# The Relationship of Power and Heat to Length of a Folded Resistor

This question is a follow-up to a previous question of mine (The Relationship of Power and Heat to Length of a Resistor).

We make heaters in our lab. They are 1.5 inches long and are made using 0.005-inch-diameter (36 AWG) nichrome wire that is folded back-and-forth onto itself five times so that if you were to look at a cross-sectional area of the heater, you would see six wires.

We want to start making some heaters that are twice as long (3 inches) but still have the same heat output per cross-sectional area of heater. In other words, we want to keep the power of these heaters constant for a given point along the heater; since the heaters are twice as long, they should put out a total of twice the heat, but at a given point along the heater, they will be outputting the same heat. The heat output per cross-sectional area of heater should be the same for both heaters.

We currently use a 12-volt battery to power the 1.5-inch heaters (they are in parallel). The resistance of these 1.5-inch heaters is about 23 ohms, and thus the current through each one is about 0.52 amps. These heaters are powered for 3 seconds every 15 minutes so that they provide heat pulses for our sensors.

If I make the 3-inch heaters the same way (i.e., if I fold the same exact nichrome wire 5 times so that a cross section of the heater has 6 wires, but, for these 3-inch heaters, each fold is twice as long), I believe I would have to double the voltage to get the same heat output per cross-sectional area of heater because of the reasons mentioned in my previous post (The Relationship of Power and Heat to Length of a Resistor). The fact that the nichrome wire is folded is throwing me off, though - am I correct in my thinking, or is there something else I'm missing? If I'm missing something, what am I missing, and what is the reasoning behind it? Thank you!

Doubling your voltage is the simplest strategy on paper, and electrically should work just fine. I see two caveats:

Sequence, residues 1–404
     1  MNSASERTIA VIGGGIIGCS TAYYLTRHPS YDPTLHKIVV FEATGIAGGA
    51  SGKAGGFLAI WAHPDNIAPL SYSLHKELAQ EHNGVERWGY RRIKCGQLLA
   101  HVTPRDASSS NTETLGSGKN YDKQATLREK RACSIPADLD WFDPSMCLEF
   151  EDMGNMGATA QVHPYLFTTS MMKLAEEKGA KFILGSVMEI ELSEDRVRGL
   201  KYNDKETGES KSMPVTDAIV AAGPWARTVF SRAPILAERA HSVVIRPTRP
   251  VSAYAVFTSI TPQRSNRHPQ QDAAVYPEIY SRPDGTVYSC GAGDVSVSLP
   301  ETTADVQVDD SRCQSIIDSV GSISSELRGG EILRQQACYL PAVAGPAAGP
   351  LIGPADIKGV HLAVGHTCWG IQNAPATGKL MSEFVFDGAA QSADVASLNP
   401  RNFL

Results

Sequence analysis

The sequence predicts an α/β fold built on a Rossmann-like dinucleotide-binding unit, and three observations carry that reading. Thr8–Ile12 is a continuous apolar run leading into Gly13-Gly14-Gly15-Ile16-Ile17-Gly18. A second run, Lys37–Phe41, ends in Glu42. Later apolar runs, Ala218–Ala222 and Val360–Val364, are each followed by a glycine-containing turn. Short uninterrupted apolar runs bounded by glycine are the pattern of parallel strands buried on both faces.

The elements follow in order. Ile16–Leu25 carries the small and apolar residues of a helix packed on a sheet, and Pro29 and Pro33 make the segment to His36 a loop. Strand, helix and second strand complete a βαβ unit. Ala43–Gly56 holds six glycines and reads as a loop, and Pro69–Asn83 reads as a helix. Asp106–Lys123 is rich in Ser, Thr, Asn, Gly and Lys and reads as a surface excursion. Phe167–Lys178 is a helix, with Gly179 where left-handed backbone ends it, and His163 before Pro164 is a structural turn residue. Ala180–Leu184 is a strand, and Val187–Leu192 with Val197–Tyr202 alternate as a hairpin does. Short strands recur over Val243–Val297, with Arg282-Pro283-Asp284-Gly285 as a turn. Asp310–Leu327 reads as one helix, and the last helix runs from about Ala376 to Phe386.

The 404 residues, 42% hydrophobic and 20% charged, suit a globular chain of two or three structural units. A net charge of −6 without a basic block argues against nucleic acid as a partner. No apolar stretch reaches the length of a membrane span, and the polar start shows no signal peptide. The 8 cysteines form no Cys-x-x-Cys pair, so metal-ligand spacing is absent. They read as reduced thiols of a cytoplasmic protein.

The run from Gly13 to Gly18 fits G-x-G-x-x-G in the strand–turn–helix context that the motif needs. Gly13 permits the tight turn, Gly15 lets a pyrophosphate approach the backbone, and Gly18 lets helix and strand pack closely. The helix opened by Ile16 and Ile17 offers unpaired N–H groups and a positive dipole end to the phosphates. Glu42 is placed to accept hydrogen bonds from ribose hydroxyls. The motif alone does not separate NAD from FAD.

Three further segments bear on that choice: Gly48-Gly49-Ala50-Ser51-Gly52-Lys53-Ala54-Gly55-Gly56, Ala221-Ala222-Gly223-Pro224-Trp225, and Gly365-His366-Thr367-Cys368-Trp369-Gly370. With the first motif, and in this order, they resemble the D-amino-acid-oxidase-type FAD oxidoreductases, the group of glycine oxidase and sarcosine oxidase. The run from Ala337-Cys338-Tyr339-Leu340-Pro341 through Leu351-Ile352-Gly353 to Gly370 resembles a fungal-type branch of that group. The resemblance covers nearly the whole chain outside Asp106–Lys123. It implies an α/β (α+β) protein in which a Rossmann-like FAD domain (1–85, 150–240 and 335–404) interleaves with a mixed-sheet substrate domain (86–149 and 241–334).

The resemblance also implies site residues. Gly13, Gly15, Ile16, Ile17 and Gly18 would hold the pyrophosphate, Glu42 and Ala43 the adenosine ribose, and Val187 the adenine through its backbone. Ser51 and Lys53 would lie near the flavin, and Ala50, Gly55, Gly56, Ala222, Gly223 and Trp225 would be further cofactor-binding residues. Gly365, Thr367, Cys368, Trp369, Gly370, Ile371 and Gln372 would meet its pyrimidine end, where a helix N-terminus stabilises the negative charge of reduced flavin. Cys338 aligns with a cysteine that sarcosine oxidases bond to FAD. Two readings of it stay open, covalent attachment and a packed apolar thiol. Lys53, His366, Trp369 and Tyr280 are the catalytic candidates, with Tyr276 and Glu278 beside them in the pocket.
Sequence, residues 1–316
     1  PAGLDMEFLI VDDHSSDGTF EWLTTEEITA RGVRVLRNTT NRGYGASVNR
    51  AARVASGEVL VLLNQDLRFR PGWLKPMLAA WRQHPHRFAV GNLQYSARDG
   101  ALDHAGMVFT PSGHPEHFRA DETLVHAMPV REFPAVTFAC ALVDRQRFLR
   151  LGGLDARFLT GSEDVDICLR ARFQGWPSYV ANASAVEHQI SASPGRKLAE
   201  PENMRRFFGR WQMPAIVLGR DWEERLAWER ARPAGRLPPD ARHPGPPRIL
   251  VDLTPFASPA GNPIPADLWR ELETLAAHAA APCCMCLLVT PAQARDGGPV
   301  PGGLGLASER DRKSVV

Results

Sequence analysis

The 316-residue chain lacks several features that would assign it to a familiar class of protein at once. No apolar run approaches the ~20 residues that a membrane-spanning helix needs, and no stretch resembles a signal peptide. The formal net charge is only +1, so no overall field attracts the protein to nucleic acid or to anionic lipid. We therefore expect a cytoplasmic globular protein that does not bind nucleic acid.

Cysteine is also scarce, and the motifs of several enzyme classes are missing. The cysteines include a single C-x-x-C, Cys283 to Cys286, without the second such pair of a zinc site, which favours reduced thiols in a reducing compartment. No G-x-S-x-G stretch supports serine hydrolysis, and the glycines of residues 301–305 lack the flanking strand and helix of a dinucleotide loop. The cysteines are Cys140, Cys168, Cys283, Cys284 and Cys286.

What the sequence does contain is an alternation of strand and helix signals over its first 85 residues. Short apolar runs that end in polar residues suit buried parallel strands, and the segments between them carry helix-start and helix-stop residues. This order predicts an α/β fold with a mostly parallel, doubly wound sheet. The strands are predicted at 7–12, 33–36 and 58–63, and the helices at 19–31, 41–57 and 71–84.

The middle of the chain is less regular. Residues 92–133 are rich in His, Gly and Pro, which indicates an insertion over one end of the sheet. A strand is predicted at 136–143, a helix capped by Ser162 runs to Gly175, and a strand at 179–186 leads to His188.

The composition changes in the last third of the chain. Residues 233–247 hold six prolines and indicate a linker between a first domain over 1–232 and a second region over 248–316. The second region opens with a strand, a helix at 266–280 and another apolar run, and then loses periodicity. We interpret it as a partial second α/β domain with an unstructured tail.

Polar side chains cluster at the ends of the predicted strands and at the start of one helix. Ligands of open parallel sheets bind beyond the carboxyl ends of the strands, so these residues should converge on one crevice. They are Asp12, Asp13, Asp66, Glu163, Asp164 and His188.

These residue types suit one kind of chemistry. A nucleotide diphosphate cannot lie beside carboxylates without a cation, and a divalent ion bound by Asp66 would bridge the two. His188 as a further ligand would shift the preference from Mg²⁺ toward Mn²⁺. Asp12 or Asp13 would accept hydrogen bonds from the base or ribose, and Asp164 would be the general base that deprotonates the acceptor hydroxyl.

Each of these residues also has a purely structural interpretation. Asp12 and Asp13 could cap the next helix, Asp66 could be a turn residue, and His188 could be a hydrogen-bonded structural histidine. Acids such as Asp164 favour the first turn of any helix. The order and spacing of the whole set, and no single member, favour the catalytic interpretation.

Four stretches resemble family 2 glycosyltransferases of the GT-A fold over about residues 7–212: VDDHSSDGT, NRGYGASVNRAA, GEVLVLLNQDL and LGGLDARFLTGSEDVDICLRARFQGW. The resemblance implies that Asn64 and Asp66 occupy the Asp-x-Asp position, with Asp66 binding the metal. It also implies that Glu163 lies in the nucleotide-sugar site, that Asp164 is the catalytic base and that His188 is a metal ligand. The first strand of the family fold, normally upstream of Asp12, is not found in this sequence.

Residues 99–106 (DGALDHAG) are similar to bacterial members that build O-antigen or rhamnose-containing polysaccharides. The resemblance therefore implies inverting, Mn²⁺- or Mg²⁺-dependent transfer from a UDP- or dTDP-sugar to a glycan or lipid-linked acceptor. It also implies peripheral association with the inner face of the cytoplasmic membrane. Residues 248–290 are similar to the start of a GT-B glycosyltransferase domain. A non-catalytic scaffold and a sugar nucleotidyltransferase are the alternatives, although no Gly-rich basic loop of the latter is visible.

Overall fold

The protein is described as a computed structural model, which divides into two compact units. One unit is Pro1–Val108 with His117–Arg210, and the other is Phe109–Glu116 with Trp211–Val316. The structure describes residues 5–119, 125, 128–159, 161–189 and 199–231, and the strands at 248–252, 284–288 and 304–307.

### Thermal effects

There are a variety of ways the geometry of the system might cause it to scale non-linearly. Two wires physically parallel to each other could dissipate heat differently than a single, longer, straight wire. From your description of the change you're proposing, and the duty-cycle of the device, this probably wont matter, but it doesn't sound hard to physically check.

### Engineering constraints

There are lots of reasons you might not want to switch to a 24V power supply. In that case you'll need a different strategy. Elliot's answer is perfectly valid; note that he's proposing you put two of the old units electrically in parallel, where your solution is electrically equivalent to putting two of the old units in series.
You could also change the wire you're using, or how you're using it. You want the same power density across twice the area, so you want twice your old power.
$$P=IV=\frac{V^2}R$$ Of course nichrome will have varying R for a given temperature, so it won't be quite that easy.

Yes, you will need to double the voltage to get the same power output if you double the length of the wire.

On the other hand, you could connect two 3-inch heaters in parallel and operate them from your 12 V source. The battery would be required to provide twice the current in this case...if the voltage drops at the higher current level then you won't get quite twice as much power.

• Thanks. I like this idea, but all of the heaters (including the 1.5-inch ones) are in parallel.... I believe this would only work if our current design was to power all of the heaters in series. We don't put the heaters in series because if one breaks, all of the other heaters wouldn't work either. Dec 13 '18 at 14:41